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  COUNSELING
 
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  Mariakutty's murder  
  Truly a saint  
   
  A SENSATIONAL report awaited me when I reached M.S. High School, Ranny, on a day in June 1966: The body of a young woman with multiple stab wounds was found near a stream called Maadatharuvy. And when a classmate from that area described the scenic beauty of the place -- a tea garden nestling in the lap of a thick forest -- I decided to skip the afternoon classes and go there.

I knew the headmaster, a Knanaya priest, who traced his origin to Canai Thoma, a rich merchant who came to Kodungallur in the fourth century with 400 Syrian Christians, had eagle eyes and would not spare me for bunking classes, not very common in schools those days. So I and a friend hired bicycles at 25 paisa per hour and set out for Maadatharuvy, on the other side of the sacred Pampa, that afternoon.

Pedaling at break-neck speed -- to reduce the rent and to return in time so that no suspicions were aroused at home -- we realized it was quite an adventure. We were sweating and fuming when we reached Mannamaruthi, about six kms from the school. From there we took the narrow "katcha" road that led to Maadatharuvy.

Soon we reached a small tea garden, a classic case of step cultivation. The road ended where a small stream of crystal clear water flowed. On the other side of the stone-filled stream was a thick forest. There was no dead body to be seen. It had already been buried after postmortem. A passerby showed us the burial spot on the edge of the forest. An eerie silence, broken only by the sound of the flowing water and the chirpings of birds, pervaded the area and we decided to return to school.

Dusk had fallen when we reached the school. The journey cost us over a rupee, not a small sum those days when pocket money was unheard of. By the time I reached home, about 3 kms from the school, by foot, darkness had already set in. While I got away with a simple lie, I was not so lucky with the headmaster when I turned up at the school the next day. He gave a spanking little knowing that he was punishing a journalist in the making.

While the Malayala Manorama we subscribed to had the news about the murder at Maadatharuvy, a more colourful report appeared in 'Thaniniram' (Real Colour), a broadsheet scandal-monger edited by Kalanilayam Krishnan Nair, who many consider as the father of yellow journalism in Malayalam.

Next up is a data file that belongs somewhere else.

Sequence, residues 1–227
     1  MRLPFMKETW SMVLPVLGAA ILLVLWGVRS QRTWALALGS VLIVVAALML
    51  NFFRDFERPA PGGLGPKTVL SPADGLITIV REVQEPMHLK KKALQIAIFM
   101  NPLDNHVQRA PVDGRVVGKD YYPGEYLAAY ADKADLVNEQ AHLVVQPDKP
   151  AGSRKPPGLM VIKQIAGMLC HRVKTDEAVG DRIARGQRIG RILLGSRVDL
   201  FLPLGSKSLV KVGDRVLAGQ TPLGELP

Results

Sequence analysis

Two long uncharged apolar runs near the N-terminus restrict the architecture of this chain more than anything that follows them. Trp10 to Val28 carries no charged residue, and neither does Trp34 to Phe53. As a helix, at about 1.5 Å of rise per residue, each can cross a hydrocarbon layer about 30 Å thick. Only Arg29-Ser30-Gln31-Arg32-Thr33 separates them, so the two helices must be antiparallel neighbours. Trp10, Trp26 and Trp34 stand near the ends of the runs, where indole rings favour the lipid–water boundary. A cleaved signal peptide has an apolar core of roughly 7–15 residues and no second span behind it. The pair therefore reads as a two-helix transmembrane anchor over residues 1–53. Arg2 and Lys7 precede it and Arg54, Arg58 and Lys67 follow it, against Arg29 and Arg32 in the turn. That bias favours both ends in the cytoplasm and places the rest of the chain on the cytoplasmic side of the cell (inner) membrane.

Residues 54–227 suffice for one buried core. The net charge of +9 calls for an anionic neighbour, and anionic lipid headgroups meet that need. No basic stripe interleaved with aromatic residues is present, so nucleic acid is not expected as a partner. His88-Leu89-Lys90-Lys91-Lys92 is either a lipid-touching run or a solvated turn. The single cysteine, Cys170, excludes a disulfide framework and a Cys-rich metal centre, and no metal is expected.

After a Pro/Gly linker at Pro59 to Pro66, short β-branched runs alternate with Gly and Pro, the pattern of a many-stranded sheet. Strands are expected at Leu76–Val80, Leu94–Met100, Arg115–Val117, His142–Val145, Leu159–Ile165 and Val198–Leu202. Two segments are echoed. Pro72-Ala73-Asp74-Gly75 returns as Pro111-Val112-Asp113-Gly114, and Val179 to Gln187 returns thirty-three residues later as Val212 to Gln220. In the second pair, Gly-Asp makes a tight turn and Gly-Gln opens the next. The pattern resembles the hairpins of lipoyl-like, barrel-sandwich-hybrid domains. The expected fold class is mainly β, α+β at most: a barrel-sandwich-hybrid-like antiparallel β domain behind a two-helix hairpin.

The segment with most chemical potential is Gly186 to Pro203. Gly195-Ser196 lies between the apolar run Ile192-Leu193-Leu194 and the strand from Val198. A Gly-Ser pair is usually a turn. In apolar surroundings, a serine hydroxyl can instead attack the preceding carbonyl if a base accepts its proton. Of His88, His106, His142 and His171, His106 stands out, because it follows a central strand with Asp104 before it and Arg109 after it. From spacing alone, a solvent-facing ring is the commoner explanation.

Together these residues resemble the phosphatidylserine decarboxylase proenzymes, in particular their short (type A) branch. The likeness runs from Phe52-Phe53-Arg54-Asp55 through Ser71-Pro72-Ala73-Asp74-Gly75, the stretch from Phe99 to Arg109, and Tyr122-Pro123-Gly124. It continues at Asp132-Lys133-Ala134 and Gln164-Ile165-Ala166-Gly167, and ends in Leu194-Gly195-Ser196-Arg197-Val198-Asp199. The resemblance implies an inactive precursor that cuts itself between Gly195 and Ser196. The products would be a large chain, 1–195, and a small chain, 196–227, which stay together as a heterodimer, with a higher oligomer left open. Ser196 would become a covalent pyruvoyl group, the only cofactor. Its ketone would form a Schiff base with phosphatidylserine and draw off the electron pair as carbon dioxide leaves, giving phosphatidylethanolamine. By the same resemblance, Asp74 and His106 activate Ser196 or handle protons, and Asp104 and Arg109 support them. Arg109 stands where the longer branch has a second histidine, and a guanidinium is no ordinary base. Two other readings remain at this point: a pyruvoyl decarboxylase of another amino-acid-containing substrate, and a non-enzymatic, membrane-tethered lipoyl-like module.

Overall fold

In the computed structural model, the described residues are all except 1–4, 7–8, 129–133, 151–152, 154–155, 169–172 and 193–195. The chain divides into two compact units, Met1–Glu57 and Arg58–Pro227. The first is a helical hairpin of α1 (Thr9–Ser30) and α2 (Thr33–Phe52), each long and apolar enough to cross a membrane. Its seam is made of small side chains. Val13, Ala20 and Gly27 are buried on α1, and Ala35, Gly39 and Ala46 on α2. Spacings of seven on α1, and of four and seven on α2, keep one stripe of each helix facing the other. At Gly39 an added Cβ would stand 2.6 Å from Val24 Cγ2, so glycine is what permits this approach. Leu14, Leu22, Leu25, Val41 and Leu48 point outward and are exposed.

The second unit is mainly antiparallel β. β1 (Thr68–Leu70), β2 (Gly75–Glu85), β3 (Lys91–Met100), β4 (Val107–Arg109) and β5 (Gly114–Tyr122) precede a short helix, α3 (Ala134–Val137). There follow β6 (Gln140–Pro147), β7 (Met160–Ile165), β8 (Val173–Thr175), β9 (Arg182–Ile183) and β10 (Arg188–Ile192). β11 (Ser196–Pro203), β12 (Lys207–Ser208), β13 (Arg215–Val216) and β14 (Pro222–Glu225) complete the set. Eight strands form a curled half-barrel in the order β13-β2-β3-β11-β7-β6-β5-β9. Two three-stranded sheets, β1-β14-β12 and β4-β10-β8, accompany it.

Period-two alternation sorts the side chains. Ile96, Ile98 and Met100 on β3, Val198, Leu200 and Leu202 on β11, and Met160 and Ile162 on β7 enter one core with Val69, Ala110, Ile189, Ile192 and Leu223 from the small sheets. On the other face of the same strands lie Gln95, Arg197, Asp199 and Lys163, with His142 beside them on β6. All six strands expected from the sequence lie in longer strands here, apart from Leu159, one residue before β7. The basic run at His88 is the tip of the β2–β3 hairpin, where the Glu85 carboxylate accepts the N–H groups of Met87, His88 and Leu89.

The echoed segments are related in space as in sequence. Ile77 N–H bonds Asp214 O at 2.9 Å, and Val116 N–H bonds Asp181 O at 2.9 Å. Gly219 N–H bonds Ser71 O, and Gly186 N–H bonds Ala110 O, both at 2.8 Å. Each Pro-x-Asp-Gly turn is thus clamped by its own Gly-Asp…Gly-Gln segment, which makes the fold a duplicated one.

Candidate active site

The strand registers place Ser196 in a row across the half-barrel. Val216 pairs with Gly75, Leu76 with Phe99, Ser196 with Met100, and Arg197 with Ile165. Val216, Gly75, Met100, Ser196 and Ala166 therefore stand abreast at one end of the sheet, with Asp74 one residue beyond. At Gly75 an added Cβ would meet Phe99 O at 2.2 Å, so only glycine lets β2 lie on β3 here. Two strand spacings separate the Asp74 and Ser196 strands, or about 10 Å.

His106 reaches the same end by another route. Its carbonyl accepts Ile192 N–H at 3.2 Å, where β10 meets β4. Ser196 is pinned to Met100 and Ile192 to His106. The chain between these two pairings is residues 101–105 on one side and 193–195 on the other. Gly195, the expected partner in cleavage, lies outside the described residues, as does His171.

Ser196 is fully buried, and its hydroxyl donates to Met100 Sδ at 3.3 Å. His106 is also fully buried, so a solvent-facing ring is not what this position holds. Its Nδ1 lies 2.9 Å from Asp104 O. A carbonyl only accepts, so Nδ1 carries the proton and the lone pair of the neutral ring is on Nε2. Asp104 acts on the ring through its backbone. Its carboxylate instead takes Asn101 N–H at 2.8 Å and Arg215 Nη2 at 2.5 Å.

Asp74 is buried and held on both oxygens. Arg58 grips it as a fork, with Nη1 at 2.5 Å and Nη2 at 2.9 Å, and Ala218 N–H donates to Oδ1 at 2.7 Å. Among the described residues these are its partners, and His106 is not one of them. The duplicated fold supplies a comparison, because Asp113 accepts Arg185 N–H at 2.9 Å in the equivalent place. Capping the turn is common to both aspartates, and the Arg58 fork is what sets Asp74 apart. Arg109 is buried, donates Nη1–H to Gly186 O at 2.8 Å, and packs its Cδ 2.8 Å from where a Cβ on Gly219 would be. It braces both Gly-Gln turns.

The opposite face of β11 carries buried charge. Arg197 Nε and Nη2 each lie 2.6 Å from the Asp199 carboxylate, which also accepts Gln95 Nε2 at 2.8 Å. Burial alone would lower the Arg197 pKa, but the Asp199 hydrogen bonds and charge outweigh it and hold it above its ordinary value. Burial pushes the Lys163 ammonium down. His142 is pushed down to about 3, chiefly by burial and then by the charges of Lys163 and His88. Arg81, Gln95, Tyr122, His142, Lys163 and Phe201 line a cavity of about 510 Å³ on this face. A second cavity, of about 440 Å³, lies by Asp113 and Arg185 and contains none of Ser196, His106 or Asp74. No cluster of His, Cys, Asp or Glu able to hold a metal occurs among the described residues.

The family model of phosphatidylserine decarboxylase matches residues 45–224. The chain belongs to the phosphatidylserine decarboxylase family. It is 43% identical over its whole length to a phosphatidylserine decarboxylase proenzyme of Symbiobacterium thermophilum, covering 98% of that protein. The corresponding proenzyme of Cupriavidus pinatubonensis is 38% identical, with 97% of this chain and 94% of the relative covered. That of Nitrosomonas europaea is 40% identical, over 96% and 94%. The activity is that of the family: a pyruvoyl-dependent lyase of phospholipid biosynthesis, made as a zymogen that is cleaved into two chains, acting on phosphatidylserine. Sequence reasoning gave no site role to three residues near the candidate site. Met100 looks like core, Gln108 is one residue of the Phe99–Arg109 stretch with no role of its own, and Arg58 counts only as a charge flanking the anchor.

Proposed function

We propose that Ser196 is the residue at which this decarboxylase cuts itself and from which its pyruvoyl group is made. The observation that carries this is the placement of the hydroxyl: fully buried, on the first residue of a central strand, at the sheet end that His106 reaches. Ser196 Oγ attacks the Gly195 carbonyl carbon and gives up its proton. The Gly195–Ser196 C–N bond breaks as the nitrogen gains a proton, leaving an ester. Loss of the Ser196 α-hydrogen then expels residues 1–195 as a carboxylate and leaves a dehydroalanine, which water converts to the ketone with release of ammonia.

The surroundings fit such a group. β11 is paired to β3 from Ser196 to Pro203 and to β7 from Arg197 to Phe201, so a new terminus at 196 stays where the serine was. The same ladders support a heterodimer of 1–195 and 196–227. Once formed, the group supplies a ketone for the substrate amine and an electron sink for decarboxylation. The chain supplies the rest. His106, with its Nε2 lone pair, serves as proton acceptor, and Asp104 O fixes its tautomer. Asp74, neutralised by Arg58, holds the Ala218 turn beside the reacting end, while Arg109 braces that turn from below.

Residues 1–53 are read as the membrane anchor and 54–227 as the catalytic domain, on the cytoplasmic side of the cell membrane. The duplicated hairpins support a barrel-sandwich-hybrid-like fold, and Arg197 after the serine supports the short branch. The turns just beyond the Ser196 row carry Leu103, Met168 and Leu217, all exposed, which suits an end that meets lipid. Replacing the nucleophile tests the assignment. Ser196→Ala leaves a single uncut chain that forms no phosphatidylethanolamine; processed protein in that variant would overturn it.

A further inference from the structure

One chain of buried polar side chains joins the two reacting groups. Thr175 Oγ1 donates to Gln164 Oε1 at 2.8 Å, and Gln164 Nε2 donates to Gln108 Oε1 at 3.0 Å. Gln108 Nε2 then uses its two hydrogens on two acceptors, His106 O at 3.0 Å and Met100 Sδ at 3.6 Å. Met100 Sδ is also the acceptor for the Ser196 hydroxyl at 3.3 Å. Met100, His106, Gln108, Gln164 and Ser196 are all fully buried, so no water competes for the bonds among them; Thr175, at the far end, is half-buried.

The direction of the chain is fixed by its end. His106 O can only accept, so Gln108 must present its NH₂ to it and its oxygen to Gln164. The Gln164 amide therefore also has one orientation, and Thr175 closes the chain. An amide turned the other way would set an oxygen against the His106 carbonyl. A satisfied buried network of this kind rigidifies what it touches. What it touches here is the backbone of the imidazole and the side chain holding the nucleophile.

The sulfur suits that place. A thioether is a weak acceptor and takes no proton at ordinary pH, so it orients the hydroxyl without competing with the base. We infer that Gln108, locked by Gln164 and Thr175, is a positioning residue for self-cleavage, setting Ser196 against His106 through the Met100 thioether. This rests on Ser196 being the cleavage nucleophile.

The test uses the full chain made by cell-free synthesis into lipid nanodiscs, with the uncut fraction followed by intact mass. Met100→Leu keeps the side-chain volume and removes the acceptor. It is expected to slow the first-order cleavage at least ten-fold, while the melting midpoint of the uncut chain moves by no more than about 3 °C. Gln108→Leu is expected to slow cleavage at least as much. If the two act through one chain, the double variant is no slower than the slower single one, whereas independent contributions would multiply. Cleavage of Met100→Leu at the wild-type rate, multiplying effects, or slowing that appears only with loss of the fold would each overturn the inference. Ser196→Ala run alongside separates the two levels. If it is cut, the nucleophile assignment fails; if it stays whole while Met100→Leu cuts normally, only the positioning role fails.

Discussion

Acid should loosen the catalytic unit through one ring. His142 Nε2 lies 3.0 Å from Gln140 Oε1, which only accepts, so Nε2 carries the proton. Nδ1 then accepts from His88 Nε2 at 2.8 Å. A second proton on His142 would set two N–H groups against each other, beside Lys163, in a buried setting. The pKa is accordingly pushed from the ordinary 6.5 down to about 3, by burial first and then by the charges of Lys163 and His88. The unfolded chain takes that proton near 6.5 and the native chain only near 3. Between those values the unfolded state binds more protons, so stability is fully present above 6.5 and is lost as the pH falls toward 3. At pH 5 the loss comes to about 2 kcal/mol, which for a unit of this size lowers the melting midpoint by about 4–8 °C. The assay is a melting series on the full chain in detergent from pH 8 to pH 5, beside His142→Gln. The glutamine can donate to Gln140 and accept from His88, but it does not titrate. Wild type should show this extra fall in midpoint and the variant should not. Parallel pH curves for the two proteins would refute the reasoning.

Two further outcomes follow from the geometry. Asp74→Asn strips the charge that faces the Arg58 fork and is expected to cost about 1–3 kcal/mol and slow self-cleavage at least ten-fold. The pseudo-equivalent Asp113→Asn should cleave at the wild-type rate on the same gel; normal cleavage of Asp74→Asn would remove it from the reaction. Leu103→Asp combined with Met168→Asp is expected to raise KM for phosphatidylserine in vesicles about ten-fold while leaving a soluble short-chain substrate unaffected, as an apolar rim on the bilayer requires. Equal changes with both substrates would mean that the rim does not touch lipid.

'Thaniniram' had something new to report on the murder every day. Its circulation went up by leaps and bounds, though few brought the paper home, for it was not considered a "family paper". I would go to a barber shop to read the paper. Later in the evening, during discussions at home, I realized that my father, too, was reading 'Thaniniram'. I did not have the courage to ask him why we should read it surreptitiously when we could have subscribed to it and read it openly. He might not have taken it kindly.

In any case, the reports in 'Thaniniram' were the points of discussion in all get-togethers at homes, shops, markets and everywhere at Ranny. Initial reports that the body was that of a college student were proved wrong when it was revealed that the murdered woman was Mariakutty, a 43-year-old widow and mother of five children. The murder became more sensational when it was reported that some people had "seen" Mariakutty with a Catholic priest in cassocks walking towards Maadatharuvi, hours before she was "murdered".

'Thaniniram's popularity soared when a week after the "murder", Father Benedict Onamkulam, who was then Manager of St. Joseph's Orphanage Press, Changanasseri, was arrested. Now, 37 years after I took up journalism as a career, I know how crime reports are prepared. But at that time I admired the investigative skills of the 'Thaniniram' reporter, who even named a dealer in coconuts, who saw a "disturbed" priest holding a three-cell torch, an umbrella and a blue bag immediately "after the murder".

The news of the priest's arrest, I heard later, made it to the front pages of newspapers all over the country. After a few days, news appeared that the priest would be brought to Maadatharuvy to recover the knife with which he had finished Mariakutty. Again, I took a bicycle and left for the place.

A large crowd had assembled by the time police brought Fr Benedict to the murder spot in a van. All I could get was a glimpse of the priest from a distance. The next day's report mentioned that the priest showed the exact spot where he had "thrown" the knife and it was "recovered". 'Thaniniram' also reported the reasons for the murder: Mariakutty had an illicit "affair" with the priest and when she pestered him for money, he decided to end the problem once and for all. It was also conjectured that her youngest child was the priest's.

The "story" was that when Fr Benedict was posted as a parish priest in Alappuzha, he and Mariakutty, who married thrice, became friendly. She left her third husband when he suffered from a paralytic stroke. She returned to her own house and worked as a housemaid in various houses. Fr Benedict knew Maadatharuvi well as he had once been posted in the area.